What is Medicare Advantage? Let's unpack what you need to know about Medicare Advantage. Sometimes it's just easier to get everything you need in one place. That's the idea behind Medicare Advantage, also known as Medicare Part C. It helps you make the most of one plan. These types of plans are provided by a private insurance company and include coverage for everything that original Medicare covers.
What is the advantage? Medicare Advantage plans can cover more. For example, many offer prescription drug coverage, as well as dental, vision and hearing benefits. Some include coverage for things like fitness memberships. Others even connect you to wellness coaches, either online or by phone to help you reach your health goals. If you choose Medicare Advantage, you continue to pay a monthly Part B premium to Medicare, in addition to any premiums you pay to the company that provides your plan.
Medicare Advantage plans can offer richer benefits at a more reasonable price, because they harness the power of coordinated care within a network of providers. But keep in mind not every doctor or hospital is part of your network, and if I a provider is outside your network, their services may not be covered. So, before you sign up for a Medicare Advantage plan, make sure the doctors you want are in the plan's network.
If you like the idea of being able to manage all your Medicare and prescription drug benefits under one plan, a Medicare Advantage plan might be for you. Got more questions? Learn more at Aetnamedicare.com.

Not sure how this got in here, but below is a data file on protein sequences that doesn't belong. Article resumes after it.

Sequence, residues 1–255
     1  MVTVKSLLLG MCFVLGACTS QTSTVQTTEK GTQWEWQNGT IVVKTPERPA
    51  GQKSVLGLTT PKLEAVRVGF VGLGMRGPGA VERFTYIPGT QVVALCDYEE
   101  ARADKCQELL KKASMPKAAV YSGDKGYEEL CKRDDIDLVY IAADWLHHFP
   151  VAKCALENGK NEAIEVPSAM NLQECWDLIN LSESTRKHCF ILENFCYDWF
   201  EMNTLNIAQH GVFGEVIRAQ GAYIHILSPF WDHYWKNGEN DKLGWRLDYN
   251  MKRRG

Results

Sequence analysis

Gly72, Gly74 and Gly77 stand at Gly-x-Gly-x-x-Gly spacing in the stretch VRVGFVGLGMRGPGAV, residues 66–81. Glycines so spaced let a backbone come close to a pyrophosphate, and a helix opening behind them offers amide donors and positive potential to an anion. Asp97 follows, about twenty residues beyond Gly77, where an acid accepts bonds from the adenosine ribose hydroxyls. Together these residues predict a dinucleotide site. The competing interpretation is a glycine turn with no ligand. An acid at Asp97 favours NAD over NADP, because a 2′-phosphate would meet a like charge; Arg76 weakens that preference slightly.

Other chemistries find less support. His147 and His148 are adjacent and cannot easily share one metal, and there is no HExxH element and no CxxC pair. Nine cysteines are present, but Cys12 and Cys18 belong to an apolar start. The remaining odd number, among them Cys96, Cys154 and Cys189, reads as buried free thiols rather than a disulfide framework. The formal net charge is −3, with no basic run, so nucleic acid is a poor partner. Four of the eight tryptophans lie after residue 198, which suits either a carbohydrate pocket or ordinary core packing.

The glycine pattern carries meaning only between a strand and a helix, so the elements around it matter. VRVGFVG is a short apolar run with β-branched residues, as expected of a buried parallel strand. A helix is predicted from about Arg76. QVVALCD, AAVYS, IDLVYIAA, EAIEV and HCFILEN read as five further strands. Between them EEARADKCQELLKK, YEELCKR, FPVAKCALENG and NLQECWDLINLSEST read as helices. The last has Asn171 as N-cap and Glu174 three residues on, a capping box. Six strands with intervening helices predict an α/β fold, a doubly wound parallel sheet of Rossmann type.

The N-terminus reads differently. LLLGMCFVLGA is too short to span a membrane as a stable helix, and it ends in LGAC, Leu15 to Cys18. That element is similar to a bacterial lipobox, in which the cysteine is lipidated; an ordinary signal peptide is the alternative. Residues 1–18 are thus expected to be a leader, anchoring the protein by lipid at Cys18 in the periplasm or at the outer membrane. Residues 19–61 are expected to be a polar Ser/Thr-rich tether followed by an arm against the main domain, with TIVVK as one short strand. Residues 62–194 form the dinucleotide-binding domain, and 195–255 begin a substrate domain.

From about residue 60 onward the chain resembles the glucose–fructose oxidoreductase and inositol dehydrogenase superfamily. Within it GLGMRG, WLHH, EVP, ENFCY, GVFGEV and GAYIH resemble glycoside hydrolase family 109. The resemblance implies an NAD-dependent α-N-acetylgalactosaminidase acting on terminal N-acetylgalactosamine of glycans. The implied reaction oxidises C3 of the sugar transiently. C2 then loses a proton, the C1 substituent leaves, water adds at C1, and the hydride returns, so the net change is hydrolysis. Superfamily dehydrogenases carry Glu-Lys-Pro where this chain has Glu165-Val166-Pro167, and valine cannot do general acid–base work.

There’s a lot to be said for being able to get everything you need under one roof. For starters, it’s more convenient. That’s the principle behind Medicare Advantage: a unique part of Medicare that pulls together many benefits, care options and costs into one plan.
Medicare Advantage plans are provided by private insurance companies approved by Medicare. These plans are also known as Medicare Part C. By law, every Medicare Advantage plan must include coverage for everything that Medicare Parts A and B, often called Original Medicare, cover. That means they include the same hospital and outpatient services. But Medicare Advantage plans may also cover more than Original Medicare.
Medicare Advantage is a unique part of Medicare that pulls together many benefits, care options and costs into one plan.
While plans vary, some additional benefits of Medicare Advantage plans include:
Some plans also include prescription drug coverage.
So, a well-chosen Medicare Advantage plan can come with all the coverage you get with Medicare Parts A, B and D. The additional coverage beyond what is offered by the other parts of Medicare is like the icing on the Medicare cake.
The costs may differ from the costs you pay with Original Medicare. Here are some of the main differences.
After you choose a Medicare Advantage plan, you’ll continue to pay a monthly Part B premium to Medicare. And you’ll sometimes pay a premium to the company that provides your plan. But there are some Medicare Advantage plans that don’t charge an additional premium.
While Original Medicare has standard deductibles, they can vary among Medicare Advantage plans. And some plans don’t require you to pay a deductible at all.
You may pay a smaller copayment – a set amount you pay for care – with Medicare Advantage for a doctor visit than they would under Original Medicare.